Regarding Your Postcard If you received a “Vote No” postcard from StandUp TC, don’t believe their lies. Prop 3 is not illegal. It won’t cost city taxpayers thousands of dollars in legal bills or special elections. Prop 3 is about protecting our downtown -- not Munson, NMC or the Commons -- from a future of ugly skyscrapers that will diminish the very character of our downtown...

Vote Yes It has been suggested that a recall or re-election of current city staff and Traverse City Commission would work better than Prop 3. I disagree. A recall campaign is the most divisive, costly type of election possible. Prop 3, when passed, will allow all city residents an opportunity to vote on any proposed development over 60 feet tall at no cost to the taxpayer...

Yes Vote Explained A “yes” vote on Prop 3 will give Traverse City the right to vote on developments over 60 feet high. It doesn’t require votes on every future building, as incorrectly stated by a previous letter writer. If referendums are held during general elections, taxpayers pay nothing...

Beware Trump When the country you love have have served for 33 years is threatened, you have an obligation and a duty to speak out. Now is the time for all Americans to speak out against a possible Donald Trump presidency. During the past year Trump has been exposed as a pathological liar, a demagogue and a person who is totally unfit to assume the presidency of our already great country...

Picture Worth 1,000 Words Nobody disagrees with the need for affordable housing or that a certain level of density is dollar smart for TC. The issue is the proposed solution. If you haven’t already seen the architect’s rendition for the site, please Google “Pine Street Development Traverse City”...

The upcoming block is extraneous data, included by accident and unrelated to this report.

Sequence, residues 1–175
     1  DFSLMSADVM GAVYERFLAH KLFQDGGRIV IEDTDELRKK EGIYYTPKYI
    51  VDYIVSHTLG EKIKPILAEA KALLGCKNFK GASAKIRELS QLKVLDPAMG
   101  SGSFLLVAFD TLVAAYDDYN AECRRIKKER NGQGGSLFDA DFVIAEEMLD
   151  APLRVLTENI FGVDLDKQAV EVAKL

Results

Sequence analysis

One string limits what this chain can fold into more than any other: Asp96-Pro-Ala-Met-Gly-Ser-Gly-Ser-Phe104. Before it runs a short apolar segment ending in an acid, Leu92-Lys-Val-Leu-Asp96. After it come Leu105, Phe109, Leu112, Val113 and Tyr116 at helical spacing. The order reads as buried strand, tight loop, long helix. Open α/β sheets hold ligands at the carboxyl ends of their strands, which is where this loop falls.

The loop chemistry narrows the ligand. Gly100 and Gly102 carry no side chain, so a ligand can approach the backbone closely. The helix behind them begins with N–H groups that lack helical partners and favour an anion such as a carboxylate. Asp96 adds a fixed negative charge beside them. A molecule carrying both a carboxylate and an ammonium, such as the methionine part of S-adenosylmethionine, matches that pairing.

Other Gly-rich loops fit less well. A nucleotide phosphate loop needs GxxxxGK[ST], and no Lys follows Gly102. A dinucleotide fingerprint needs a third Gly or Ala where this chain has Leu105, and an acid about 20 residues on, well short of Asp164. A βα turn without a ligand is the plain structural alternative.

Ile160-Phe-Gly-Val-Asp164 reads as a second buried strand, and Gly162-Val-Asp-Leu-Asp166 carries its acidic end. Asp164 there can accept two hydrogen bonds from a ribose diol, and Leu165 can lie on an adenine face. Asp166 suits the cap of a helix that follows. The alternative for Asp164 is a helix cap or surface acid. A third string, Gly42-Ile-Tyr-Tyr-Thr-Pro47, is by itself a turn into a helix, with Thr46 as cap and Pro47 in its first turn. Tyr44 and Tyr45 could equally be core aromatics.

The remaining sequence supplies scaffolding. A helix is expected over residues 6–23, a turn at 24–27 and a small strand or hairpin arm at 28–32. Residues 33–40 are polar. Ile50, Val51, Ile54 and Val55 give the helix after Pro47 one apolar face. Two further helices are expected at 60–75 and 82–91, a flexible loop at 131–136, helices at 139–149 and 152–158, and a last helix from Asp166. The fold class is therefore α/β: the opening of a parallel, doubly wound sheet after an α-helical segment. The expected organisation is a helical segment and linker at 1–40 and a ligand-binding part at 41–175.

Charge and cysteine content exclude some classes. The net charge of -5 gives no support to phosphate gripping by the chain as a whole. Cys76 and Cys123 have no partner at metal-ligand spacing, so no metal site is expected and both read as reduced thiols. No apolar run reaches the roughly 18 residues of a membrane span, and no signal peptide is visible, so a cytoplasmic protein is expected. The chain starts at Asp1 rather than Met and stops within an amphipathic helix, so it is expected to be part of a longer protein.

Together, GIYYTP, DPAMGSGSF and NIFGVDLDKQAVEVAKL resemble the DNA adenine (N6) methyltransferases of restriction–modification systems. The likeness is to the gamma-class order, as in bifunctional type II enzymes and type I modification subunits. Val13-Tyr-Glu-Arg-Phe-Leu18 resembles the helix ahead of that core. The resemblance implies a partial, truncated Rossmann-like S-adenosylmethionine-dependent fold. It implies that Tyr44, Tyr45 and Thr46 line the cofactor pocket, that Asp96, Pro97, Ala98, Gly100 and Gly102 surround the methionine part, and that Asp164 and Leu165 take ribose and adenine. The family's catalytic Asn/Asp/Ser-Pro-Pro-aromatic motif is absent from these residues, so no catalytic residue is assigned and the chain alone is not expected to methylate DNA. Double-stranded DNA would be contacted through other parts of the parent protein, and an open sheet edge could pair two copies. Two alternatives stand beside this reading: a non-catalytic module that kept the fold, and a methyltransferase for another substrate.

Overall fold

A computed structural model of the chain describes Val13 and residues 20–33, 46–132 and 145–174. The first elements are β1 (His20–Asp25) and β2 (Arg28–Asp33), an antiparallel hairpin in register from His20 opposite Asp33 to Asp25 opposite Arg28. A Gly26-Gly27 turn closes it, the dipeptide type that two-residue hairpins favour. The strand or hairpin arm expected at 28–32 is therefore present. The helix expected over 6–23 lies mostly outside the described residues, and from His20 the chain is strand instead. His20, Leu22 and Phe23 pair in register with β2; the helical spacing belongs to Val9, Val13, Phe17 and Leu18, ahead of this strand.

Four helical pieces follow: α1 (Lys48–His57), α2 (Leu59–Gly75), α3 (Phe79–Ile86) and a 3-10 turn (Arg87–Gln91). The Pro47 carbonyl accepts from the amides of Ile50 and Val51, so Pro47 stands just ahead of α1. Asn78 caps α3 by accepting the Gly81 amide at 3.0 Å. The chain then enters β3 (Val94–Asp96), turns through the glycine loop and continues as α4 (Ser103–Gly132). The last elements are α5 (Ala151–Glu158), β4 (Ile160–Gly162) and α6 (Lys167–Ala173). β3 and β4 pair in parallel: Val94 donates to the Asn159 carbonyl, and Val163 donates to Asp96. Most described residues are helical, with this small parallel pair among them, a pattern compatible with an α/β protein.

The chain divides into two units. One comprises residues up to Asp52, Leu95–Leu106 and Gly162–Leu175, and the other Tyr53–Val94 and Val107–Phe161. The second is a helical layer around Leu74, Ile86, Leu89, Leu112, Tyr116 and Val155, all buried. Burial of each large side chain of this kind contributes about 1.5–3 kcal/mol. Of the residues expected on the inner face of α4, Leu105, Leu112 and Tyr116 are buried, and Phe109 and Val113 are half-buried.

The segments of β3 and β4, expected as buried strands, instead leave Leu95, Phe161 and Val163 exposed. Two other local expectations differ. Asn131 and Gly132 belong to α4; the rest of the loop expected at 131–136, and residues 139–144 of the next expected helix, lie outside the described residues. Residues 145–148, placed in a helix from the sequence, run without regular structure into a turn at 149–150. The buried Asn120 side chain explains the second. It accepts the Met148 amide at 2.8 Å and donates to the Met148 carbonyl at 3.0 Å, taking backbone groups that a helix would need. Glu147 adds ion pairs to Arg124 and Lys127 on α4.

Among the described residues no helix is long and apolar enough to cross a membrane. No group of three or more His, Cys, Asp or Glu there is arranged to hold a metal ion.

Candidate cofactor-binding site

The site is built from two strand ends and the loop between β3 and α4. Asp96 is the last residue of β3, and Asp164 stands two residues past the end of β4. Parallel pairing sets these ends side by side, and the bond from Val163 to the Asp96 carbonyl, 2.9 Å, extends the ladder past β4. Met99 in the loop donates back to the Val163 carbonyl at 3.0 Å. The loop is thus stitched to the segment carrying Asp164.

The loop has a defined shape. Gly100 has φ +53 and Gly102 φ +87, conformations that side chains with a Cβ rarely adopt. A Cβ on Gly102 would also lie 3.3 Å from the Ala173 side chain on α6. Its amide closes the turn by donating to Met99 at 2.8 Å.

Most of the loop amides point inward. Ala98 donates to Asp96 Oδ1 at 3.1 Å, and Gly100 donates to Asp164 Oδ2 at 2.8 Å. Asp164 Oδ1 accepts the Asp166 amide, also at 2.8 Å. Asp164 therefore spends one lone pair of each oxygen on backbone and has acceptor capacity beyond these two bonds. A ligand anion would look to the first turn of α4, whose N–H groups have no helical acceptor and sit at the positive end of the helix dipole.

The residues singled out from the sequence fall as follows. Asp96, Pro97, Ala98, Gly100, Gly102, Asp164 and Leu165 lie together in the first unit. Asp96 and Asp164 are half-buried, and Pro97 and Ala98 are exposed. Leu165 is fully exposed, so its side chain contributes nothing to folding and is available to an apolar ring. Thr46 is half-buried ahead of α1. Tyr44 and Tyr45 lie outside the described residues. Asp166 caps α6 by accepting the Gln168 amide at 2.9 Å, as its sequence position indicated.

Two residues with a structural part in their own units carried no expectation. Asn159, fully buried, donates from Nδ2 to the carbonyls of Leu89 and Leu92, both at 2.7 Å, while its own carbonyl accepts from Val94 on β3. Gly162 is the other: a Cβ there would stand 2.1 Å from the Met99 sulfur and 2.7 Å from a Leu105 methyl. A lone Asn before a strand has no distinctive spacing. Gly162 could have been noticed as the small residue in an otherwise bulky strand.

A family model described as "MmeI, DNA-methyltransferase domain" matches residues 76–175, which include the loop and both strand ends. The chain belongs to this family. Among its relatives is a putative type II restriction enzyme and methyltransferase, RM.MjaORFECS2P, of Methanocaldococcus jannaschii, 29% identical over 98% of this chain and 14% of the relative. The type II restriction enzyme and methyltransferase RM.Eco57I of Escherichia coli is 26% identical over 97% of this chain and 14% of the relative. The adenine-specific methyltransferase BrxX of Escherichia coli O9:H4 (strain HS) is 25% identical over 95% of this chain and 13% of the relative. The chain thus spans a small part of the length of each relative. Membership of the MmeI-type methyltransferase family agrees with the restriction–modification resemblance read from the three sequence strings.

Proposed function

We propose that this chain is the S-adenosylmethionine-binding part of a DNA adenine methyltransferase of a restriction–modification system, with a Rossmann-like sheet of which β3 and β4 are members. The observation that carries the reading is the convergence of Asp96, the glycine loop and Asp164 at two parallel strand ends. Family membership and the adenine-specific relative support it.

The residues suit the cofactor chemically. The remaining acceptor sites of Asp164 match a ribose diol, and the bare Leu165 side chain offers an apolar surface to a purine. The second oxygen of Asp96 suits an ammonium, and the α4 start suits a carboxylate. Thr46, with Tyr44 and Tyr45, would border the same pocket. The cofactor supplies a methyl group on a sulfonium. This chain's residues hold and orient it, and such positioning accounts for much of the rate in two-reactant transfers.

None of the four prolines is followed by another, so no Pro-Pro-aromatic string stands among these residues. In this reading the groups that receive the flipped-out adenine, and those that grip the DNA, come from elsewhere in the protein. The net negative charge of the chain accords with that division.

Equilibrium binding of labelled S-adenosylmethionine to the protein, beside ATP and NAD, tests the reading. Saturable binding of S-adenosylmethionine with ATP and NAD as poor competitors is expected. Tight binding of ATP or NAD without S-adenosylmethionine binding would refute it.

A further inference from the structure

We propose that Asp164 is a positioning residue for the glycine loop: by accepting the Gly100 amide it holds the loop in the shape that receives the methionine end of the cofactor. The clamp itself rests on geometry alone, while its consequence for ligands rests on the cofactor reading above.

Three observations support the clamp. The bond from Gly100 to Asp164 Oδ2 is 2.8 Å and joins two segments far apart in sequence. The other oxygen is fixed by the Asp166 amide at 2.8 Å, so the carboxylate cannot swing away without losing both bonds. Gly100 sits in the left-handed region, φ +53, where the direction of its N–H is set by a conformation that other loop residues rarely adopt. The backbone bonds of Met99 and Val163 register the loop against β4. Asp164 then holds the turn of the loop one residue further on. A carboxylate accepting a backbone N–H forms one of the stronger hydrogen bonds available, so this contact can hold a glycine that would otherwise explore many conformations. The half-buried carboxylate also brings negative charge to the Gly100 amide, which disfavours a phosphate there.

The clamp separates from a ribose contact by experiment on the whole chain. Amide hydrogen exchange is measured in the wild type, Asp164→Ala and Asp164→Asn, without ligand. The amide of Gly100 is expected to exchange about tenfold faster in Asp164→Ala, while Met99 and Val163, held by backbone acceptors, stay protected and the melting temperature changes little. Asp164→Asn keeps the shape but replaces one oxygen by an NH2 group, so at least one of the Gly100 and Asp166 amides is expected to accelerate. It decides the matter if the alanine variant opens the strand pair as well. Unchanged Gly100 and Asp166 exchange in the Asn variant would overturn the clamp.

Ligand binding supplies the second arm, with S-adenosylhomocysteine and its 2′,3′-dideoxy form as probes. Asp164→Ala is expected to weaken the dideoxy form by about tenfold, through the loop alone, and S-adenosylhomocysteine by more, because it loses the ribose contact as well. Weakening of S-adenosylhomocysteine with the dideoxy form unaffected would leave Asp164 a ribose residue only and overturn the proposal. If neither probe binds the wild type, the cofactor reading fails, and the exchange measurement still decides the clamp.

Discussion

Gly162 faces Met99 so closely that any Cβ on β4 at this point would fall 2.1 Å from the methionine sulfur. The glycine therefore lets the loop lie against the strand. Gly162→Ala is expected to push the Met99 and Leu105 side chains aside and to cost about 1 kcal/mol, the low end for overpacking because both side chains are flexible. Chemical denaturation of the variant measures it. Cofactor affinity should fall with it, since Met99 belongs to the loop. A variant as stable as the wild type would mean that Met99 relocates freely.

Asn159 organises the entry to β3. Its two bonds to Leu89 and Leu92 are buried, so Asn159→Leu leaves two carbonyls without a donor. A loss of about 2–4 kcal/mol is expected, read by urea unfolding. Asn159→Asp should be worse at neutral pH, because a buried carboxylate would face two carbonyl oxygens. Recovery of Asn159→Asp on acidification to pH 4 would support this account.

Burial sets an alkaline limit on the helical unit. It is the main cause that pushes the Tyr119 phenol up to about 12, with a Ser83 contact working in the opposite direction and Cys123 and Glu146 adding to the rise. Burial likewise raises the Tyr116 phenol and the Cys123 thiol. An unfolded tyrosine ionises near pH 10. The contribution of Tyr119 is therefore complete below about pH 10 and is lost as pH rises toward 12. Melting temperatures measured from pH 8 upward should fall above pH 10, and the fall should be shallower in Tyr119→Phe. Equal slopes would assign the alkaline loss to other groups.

Living Wage, Not Tall Buildings Our community deserves better than the StandUp TC “vote no” arguments. They are not truthful. Their yard signs say: “More Housing. Less Red Tape. Vote like you want your kids to live here.” The truth: More housing, but for whom? At what price..

Home · Articles · News · Letters · Letters 5/6/04
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Letters 5/6/04

Various - May 6th, 2004
Resort slaves of Northern Michigan

I am writing in response to a letter from the April 22 issue titled “Get a Job,” submitted by Theresa Cobb of Conway. Theresa is obviously a very naive little girl!! She attributed the importation of slave labor from indigent countries, such as Haiti and Colombia, by local resorts to the lack of locals who want to work. She implies that the local unemployed (and underemployed) people of the area complain about not being able to find a job when there are all these fine resort positions just waiting to be filled.
Are you serious??? Unbelievable!! First of all, try to support a family in this area on the wages from a resort position -- minimum wage, no benefits, and usually part time. Many businesses in the area offer the same “opportunities” as when I moved here from Houston, Texas. The common practice was to hire legal (or often illegal) immigrants because they would work for virtually nothing. People coming from such impoverished countries think that working for $5 an hour is a dream come true, as they may make $5 a day -- or substantially less -- in their home countries.
Frequently in Texas, these people would live ten adults to one household, as they are accustomed to such conditions. The imported resort workers are similarly housed here. They do not have to live according to the standard of living that residents of Traverse City have to be concerned about -- their food, housing, etc. are paid for, or are even subtracted from their wages. They have no benefits such as health insurance or company-augmented savings plans.